Rest stops in Canada (At least in BC and Yukon) are much different than anything I've seen along I-5. They consist of a turn off from the highway with toilets, a couple picnic tables, some bear proof trash receptacles, and usually a fantastic view. No telephones, no running water, no covered areas, just the bare necessities. I would typically stop for gas and then stop to eat and stretch about 60 to 80 miles later and the get gas again in another 80 or so miles. Even though I could stretch a tank of gas out to 190+ miles I tried to keep it down to 160 miles just to be safe. At these rest stops I would have some bread and peanut butter, a handful of trail mix, and a couple pieces of turkey jerky. I went through about 1 1/2 jars of peanut butter this way.

Railroad tracks near a rest stop
Railroad tracks and a lake

I made it through Prince George and Vanderhoof and Houston and I was on my way to Smithers where I planned to spend the night. I was looking forward to ending my day early so I would have time to pitch my tent while it was light out and then actualy eat dinner (unlike the night before) and relax a bit before sleeping. I was making good progress and hoping to get to Smithers by 7:00pm when I passed a car on the side of the road. One person standing next to it waved at me with his hand in the shape of a phone (thumb and pinky out). I pulled over, turned around, and drove back to see what I could do to help. Why did I stop? Well I ran out of gas once on my other bike (Honda CBR 600) and some guy helped me out by driving to the nearest gas station and bringing back gas. I offered him money and he refused saying I just had to pass on the good deed. So that's what I did. The guy who owned the car was named Victor. He said his fuel pump had quit and he need a new one. He wanted me to call a friend of his who could bring him the replacement part. The only problem was that my cell phone had no service and the nearest town was Houston, 16 miles back where I came from. I reluctantly agreed to go back and call his friend. The more I thought about it though, the more I knew I was doing the right thing. I hoped that I would make good impression so that at least one Canadian car driver would think that maybe Americans and Motorcyclists weren't so bad after all.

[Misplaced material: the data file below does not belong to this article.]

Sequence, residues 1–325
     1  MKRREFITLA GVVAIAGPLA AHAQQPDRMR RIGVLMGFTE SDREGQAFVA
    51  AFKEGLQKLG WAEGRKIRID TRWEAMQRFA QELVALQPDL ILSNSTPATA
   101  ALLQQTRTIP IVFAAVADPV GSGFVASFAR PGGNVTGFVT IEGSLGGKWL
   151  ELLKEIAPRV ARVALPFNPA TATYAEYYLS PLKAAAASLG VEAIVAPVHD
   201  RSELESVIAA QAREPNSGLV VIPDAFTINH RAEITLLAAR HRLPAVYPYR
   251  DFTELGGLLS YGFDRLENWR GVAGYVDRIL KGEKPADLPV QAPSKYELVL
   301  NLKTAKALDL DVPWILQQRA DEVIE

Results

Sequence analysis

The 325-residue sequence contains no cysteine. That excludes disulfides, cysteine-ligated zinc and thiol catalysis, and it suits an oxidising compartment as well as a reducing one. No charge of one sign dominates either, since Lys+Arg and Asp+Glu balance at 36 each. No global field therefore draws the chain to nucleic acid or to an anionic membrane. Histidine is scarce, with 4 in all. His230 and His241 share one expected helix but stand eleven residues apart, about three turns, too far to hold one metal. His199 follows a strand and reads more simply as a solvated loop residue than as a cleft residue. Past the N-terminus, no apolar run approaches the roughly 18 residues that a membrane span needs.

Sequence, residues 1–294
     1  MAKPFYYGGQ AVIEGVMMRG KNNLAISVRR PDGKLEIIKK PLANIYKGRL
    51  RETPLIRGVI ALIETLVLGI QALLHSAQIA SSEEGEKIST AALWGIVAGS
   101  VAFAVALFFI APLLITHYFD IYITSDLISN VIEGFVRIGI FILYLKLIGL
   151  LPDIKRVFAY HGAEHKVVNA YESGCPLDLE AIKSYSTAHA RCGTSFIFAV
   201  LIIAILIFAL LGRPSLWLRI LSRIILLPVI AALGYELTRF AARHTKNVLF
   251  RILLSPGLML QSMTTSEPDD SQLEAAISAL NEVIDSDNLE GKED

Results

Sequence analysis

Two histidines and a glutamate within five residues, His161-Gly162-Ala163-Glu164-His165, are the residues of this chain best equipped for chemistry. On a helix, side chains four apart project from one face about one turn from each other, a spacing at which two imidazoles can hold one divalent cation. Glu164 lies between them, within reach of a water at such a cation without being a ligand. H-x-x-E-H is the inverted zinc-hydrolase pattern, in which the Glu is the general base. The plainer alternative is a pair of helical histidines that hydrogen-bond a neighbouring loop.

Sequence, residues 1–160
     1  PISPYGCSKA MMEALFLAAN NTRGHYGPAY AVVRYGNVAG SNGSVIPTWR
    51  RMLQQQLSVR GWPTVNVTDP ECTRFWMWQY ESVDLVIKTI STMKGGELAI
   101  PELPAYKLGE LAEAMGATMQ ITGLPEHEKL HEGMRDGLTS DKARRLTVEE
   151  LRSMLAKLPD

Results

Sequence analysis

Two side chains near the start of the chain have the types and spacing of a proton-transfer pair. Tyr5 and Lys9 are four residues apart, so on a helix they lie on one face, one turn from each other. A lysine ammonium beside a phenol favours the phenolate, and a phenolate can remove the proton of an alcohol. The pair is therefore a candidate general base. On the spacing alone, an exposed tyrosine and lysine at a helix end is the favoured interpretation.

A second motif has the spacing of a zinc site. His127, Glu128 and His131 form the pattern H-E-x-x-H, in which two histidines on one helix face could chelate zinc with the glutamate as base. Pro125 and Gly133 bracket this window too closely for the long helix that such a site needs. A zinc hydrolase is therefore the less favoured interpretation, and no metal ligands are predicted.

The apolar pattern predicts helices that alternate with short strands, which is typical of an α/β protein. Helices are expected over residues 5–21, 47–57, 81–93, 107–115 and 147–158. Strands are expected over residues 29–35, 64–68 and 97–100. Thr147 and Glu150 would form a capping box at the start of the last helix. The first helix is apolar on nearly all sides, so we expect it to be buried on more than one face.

Scenerey between Houston and Smithers

I got to Smithers around 7:30pm, slightly later than planned but still a pleasantly early arrival compared to 11:00pm the night before. The 8 Canadian dollars I payed to camp was my first lodging expense but it was a great bargain. The next image shows where I camped. My tent was pitched right between my bike and the picnic table. It was a beautiful area, right by a river, and the guy who ran the place came buy and personally collected everyone's money.

My campsite the next morning
Looking the other direction
Day 3 route

Hours: 13
Miles: 537